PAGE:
The Sporting Heritage Awards

Sporting heritage is firmly linked to society’s development and our identity today, whether this is evidenced in artefacts, documents, photos, videos or the spoken word, or a combination of these.

On Thursday 28th April 2022, the inaugural Sporting Heritage Awards took place at Leeds City Museum. The awards sought to acknowledge and celebrate the impact and role of sporting heritage in communities, education, academia, sport, society and culture. I attended the awards on behalf of Leeds Living.

On arrival at Leeds City Museum, after finding somewhere safe to lock up my bike, I headed into the ceremony room, where people were mingling and enjoying cups of tea and coffee. There were about 8 tables in the room, and I was seated at the community table, with other guests and award nominees.

Dr Justine Reilly, the founding director of Sporting Heritage, welcomed everyone to the ceremony and gave a quick overview of why the organisation had decided to host the awards, and what sporting heritage means for us all. She passed the microphone over to the event hosts, seven time Paralympic champion, and Yorkshire girl, Hannah Cockroft OBE, and BBC Sports presenter, Tanya Arnold.

The awards ceremony proper started just after 12, with a brief video about the event and the importance of supporting sporting heritage, from event sponsors The Creative Core. Following this, the first award ‘Sports Club or National Governing Body Award’ was presented. The winners were Watford Football club and Watford Museum, who have together made a commitment to safeguard, protect and promote the history of the Club and football in the region. They went up on the stage to receive their award and to thank those who nominated them, as well as all those who help to make their work possible.

The following 7 awards were presented to organisations from across the UK.

The Museum and Archives Award was presented to Silverstone Interactive Museum, a space that seeks to discover the stars, stories and science behind British motor racing, for their Conservation Management Plan, which wowed the judges as it helped to restore and protect the collections found at the museum.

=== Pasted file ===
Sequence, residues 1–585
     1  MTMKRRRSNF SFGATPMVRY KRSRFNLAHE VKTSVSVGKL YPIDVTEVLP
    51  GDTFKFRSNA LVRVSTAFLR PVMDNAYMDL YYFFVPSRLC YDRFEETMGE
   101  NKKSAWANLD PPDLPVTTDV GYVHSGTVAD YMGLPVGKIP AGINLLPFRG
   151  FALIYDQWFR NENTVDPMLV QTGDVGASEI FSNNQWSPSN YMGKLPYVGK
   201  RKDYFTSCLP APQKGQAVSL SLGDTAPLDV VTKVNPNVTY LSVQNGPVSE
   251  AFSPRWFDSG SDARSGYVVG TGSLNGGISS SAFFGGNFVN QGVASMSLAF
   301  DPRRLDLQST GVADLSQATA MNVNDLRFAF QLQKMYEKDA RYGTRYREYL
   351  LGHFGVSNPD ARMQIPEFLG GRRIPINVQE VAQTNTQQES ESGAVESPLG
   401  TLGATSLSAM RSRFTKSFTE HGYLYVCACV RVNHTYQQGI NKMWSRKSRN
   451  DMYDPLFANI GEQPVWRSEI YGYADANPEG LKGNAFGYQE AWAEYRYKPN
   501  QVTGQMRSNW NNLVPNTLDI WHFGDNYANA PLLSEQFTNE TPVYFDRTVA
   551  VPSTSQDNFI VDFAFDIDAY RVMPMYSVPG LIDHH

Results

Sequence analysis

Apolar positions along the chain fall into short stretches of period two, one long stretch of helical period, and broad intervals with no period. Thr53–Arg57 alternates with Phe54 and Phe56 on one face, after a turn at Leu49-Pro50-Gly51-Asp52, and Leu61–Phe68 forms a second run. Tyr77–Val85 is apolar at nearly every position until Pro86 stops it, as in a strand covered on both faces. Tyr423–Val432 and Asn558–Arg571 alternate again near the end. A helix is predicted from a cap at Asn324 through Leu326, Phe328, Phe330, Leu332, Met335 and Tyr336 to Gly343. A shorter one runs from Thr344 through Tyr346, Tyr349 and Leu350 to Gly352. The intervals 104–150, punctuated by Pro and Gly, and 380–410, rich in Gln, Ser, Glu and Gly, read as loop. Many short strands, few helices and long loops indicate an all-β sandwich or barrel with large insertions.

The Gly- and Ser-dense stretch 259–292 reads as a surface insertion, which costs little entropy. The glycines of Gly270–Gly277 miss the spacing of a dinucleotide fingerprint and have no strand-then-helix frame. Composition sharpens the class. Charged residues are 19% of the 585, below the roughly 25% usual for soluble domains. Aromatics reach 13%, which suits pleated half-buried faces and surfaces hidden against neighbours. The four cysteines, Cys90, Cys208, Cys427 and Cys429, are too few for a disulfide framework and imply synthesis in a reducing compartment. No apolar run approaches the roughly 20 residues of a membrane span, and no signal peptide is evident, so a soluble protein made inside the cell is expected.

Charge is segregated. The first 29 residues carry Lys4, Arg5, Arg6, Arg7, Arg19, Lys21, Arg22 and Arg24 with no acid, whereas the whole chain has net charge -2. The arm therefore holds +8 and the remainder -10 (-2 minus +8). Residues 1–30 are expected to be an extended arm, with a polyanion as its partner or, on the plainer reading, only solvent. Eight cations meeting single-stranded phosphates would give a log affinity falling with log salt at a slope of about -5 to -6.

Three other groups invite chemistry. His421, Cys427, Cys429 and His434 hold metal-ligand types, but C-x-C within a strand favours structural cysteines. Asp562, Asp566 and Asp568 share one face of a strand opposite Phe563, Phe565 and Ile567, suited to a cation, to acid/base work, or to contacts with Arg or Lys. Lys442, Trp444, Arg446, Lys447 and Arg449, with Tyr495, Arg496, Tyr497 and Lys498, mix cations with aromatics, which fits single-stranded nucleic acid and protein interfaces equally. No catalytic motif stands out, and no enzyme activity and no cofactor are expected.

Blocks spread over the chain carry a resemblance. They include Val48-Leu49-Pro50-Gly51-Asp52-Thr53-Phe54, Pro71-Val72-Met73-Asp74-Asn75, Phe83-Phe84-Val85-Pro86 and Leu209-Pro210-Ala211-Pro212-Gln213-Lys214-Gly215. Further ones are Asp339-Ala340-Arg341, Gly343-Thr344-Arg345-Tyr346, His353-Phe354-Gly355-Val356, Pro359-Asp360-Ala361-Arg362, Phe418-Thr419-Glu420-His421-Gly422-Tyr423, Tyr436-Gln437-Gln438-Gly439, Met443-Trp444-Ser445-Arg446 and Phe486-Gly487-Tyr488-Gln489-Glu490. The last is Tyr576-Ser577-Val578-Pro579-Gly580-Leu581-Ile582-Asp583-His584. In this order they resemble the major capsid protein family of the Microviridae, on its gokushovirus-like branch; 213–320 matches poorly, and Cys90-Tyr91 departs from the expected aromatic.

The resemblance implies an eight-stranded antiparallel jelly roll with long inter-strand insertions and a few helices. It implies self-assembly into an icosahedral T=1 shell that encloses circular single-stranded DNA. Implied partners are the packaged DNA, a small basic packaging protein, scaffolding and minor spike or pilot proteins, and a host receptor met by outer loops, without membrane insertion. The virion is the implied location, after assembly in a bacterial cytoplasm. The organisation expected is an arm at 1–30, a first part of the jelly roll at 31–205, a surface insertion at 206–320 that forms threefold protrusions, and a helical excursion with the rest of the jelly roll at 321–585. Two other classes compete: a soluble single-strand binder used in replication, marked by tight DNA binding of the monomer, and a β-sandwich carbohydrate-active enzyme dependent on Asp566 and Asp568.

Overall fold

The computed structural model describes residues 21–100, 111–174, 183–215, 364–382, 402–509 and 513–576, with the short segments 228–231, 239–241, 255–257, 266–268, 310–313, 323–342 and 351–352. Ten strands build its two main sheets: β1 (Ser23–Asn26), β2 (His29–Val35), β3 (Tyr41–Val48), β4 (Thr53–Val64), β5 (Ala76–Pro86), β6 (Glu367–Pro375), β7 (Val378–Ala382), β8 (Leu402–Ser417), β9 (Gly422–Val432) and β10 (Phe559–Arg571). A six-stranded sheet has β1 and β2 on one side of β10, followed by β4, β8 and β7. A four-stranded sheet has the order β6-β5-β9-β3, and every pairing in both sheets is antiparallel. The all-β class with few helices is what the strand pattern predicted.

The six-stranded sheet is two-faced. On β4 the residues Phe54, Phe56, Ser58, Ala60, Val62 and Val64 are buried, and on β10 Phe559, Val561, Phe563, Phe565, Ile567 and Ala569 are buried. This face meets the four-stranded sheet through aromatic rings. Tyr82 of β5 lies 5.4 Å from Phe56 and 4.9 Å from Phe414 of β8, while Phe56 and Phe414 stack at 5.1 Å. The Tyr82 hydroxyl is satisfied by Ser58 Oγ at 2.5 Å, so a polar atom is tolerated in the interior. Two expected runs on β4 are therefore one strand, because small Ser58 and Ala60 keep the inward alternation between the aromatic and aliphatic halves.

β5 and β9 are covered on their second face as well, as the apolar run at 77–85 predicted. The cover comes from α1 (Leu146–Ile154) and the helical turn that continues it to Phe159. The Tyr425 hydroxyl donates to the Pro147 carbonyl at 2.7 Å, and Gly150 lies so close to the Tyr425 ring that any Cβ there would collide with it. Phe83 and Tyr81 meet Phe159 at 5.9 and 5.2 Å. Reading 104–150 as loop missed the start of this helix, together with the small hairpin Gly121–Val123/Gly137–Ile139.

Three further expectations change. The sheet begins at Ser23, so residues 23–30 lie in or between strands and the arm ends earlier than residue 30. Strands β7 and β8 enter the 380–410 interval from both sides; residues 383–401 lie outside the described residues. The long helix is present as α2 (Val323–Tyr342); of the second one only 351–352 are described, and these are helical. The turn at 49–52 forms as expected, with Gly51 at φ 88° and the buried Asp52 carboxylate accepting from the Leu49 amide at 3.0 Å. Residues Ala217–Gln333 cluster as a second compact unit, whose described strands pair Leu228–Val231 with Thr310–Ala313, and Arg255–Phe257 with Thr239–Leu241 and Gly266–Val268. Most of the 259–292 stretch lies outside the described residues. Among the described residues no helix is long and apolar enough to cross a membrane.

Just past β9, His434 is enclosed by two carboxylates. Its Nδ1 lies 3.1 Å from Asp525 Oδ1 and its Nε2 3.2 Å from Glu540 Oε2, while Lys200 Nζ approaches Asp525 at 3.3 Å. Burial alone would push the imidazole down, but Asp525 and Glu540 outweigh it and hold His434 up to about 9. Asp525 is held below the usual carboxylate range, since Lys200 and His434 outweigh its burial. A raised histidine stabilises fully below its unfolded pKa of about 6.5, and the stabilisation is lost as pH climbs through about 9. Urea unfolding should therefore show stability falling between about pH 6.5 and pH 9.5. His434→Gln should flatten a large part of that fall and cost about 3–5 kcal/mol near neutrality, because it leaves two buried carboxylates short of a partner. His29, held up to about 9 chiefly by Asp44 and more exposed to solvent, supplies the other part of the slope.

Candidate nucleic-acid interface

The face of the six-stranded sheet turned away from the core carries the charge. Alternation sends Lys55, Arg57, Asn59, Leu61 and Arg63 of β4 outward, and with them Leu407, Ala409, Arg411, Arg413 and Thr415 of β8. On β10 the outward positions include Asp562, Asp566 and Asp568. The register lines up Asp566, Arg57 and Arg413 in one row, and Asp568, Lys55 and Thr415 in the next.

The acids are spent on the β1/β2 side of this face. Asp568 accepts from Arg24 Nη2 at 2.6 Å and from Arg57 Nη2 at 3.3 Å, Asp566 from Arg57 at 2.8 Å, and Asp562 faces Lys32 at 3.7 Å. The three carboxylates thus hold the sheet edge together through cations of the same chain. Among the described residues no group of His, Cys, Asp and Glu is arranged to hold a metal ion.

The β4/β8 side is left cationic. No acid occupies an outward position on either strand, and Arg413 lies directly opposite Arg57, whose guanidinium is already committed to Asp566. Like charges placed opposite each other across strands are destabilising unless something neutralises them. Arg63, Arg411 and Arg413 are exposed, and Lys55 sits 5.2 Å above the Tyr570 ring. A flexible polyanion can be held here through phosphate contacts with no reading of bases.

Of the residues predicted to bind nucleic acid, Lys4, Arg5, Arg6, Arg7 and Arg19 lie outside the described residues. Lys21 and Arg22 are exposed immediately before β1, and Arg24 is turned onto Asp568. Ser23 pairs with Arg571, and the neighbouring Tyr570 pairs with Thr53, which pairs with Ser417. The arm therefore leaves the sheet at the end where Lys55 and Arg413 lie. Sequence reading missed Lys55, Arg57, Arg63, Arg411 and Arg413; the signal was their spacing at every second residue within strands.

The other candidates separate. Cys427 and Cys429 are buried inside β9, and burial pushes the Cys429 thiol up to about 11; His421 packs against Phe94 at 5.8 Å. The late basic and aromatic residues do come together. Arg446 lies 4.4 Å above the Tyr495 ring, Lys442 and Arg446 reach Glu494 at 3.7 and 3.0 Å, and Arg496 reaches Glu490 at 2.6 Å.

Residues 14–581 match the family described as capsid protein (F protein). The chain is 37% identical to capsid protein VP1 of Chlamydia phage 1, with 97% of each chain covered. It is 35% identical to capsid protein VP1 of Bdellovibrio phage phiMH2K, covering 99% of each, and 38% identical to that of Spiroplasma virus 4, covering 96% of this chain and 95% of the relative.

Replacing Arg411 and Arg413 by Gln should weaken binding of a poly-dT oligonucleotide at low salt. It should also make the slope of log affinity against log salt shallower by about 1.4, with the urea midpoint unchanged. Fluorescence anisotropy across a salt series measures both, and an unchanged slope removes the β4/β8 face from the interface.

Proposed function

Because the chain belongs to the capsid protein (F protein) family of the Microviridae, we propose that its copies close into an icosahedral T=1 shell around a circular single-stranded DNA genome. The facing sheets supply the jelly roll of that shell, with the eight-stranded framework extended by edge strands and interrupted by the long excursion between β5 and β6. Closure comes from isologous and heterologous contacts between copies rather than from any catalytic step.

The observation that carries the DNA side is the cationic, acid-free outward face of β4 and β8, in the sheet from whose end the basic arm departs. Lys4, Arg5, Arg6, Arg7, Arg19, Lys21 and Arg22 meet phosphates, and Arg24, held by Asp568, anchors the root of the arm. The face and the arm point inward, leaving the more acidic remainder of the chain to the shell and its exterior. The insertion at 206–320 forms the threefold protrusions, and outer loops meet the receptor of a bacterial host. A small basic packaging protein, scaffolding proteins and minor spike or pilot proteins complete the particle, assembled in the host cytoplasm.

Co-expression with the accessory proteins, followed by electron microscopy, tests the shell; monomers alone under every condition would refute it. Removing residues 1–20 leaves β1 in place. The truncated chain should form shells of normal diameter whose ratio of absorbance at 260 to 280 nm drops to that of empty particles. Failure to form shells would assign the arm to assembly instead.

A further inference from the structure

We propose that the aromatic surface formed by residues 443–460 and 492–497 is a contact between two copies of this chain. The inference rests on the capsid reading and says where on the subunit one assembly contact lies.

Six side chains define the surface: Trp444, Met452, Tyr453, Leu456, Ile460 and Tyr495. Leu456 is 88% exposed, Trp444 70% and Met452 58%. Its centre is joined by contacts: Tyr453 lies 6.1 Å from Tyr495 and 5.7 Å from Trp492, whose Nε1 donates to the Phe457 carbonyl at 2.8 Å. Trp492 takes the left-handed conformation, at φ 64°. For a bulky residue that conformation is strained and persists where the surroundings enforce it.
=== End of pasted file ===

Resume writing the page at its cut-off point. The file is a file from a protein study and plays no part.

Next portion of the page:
The Schools Award, which sought to recognise a school that has celebrated local and national sporting heritage throughout the year, was presented to the Football Museum, in partnership with EveryColor and St Winifred’s Church of England School for their work to promote equality, diversity and inclusion in sport, which ran as a project across several primary schools.

The Community Award was presented to Byrne Avenue Baths, a swimming pool and sports centre in Birkenhead, Wirral that is, thanks to the organisation, undergoing renovation work, by the community and for the community.

The Celebrating Diversity Award, which aims to celebrate the diversity in sporting heritage, for example celebrating organisations or people who are working to share the heritage of ethnic minority groups, women or disabled people, was awarded to Women in Rugby League for their work and passion around educating young women about the diverse female role models in rugby league both now and in the past.

The Recognising Sporting Heritage Volunteers award was shared by Stephen Hedges, a volunteer at the Welsh Cricket Museum, for his work with colleagues to engage and share stories about the history of Welsh cricket, and Nottingham County Cricket, for their significant contribution to promoting sporting heritage across their organisation.

Penultimately, the ‘Research Award’ was presented to Dr Fiona Skillen from Glasgow Caledonian University for her engaging work in shaping understanding of women’s place in sporting history in Scotland. Fiona thanked Sporting Heritage for the award, and highlighted the important contribution that others have made in supporting her to have their stories told.

The final award of the ceremony, the ‘moment of the year award’, was presented to the National Paralympic Heritage Trust for their work to protect and share British Paralympic Heritage, and in particular for the ‘Meet the Paralympian’ project which has enabled thousands of children across the UK to learn more about the Paralympics and its history.

I am grateful for the opportunity to have attended the awards ceremony, and enjoyed hearing about the diverse array of activities, events and spaces that are protecting and promoting sporting heritage across the UK.

National Sporting Heritage Day is happening on September 30th 2022, and it will see people from across the country coming together to celebrate sporting heritage in a range of ways. The topic for the day is celebrating diversity, and there will be events and activities taking place across the UK. For more information about the day, and Sporting Heritage as an organisation, you can find them on social media, or head to their website:

Photograph by Gemma Bridge.

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